I become a writer the moment I start writing and I cease to be a writer the moment I stop. From an existential perspective, this is exactly right. And if you can think existentially, you will see that this is exactly how it should be. If you live by this existential perspective, nobody can stop you from becoming what you want to be and you don’t have to wait for anyone’s approval or acknowledgement. You just make a decision to become and then you become.
Two great American poets, Emily Dickinson and Charles Bukowski, became writers this way. Neither had any formal education in writing or was qualified to write poetry in any way. They just began writing and kept writing and eventually their writing became better (which is really not the point) and recognized as great poets (which is also not the point.) They became writers by writing. Nobody could stop them. And they didn’t have to wait.
This idea may apply to the dream of becoming a writer, one might argue, but what if your dream were to be a doctor or a lawyer or a professional basketball player?
Here is where we run into a little snag. Certain professions require degrees and certifications. And others require extremely high levels of skill. You can’t become a doctor simply by doctoring. Can you?
I’d say yes you can. If your dream of being a doctor (or a lawyer, etc.) entails getting paid for your work, then you will have to go through the officially sanctioned process that the people in charge, in their infinite wisdom, have established for the good of the community. But if your dream is to do what doctors are supposed to – to help heal people, then you can become a doctor, albeit a non-professional folk doctor, simply by starting to help people heal.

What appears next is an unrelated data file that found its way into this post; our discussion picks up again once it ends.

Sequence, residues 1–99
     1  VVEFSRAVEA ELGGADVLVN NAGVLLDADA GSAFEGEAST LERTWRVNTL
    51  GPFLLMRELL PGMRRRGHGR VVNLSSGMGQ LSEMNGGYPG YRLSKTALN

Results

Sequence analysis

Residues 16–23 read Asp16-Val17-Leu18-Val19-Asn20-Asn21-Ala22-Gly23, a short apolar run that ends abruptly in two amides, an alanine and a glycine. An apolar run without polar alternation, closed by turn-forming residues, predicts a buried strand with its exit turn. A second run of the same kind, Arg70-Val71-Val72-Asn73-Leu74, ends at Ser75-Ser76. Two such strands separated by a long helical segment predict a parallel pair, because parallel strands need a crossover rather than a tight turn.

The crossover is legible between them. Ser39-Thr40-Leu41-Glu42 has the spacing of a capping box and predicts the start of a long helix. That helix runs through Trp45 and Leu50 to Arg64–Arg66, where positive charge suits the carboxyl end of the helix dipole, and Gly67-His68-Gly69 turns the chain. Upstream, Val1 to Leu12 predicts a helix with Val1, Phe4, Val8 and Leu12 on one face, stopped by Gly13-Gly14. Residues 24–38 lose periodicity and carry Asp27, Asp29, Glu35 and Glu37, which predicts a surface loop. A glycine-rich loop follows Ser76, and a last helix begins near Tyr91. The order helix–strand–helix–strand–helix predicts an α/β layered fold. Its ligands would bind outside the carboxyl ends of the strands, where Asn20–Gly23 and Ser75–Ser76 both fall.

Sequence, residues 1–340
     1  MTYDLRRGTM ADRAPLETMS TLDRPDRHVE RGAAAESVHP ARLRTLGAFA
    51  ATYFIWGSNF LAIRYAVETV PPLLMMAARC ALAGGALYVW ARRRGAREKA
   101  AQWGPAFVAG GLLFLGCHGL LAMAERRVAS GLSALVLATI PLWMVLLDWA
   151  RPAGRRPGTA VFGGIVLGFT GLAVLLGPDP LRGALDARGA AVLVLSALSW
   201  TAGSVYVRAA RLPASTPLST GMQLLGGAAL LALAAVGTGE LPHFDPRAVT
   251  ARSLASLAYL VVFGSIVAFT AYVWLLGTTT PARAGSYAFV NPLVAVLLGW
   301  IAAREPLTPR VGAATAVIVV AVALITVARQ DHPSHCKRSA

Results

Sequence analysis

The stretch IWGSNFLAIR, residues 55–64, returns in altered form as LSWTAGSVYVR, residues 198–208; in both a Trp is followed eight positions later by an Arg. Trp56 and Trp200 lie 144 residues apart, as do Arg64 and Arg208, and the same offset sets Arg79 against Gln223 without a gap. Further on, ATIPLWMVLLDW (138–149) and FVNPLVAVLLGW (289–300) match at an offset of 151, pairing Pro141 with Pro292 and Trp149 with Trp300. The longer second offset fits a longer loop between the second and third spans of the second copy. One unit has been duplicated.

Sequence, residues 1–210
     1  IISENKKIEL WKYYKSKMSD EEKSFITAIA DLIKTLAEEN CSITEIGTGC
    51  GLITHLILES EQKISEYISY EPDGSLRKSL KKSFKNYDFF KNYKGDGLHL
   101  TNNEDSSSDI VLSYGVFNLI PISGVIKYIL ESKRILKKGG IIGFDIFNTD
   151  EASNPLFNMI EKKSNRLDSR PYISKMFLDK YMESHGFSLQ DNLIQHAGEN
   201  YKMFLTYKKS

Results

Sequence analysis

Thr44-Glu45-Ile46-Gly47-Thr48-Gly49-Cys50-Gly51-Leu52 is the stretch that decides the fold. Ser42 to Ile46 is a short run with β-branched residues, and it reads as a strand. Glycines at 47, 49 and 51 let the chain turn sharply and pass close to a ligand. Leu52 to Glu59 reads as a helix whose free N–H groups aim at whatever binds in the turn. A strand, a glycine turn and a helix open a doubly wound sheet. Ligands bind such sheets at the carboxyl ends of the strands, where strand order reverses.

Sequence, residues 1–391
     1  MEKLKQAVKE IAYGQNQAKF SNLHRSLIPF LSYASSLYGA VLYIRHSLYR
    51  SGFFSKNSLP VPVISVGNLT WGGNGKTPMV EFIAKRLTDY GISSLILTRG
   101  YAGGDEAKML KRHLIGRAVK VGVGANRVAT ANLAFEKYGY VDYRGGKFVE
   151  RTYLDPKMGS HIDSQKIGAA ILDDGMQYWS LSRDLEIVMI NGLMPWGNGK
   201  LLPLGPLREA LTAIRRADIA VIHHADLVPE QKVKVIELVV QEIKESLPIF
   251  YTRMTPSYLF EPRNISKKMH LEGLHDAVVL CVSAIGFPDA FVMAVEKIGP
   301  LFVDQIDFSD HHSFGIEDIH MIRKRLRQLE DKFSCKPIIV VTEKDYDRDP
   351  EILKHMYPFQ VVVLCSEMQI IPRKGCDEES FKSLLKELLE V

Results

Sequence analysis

In choosing the doctor dream I am purposely pushing this idea to its limits to make a point. I recognize that being a good doctor, as in being a good healer, requires a good deal of knowledge and skill. But I’m not talking about becoming good at something (Just as my dad was not talking about becoming a good writer.), I’m talking about becoming what you want to become, about living your dream.
If you want to be a doctor in the sense of healing people then nobody can stop you. You can be thrown in jail if you are prosecuted for practicing medicine without a license, but if you want to heal and are careful about staying legal then you can go ahead and become a healer immediately.
Just start healing!
Before you write in to tell me how irresponsible I am, let me say that I am not advocating that ETR readers practice medicine without licenses. What I am saying is that if you want to be anything, even something that in the regulated world requires education and certification, you can become that person simply by doing the thing you want.
So what is the best way to become a guitar player? Start playing that guitar.
And what is the best way to become a lyricist? Just write those songs.
And what is the best way to become a basketball player? Start shooting those hoops.
Don’t worry about not being qualified. And don’t worry about not getting paid for it. If you have a dream that’s been long deferred, don’t spend another day talking about what you will do one day, just do it.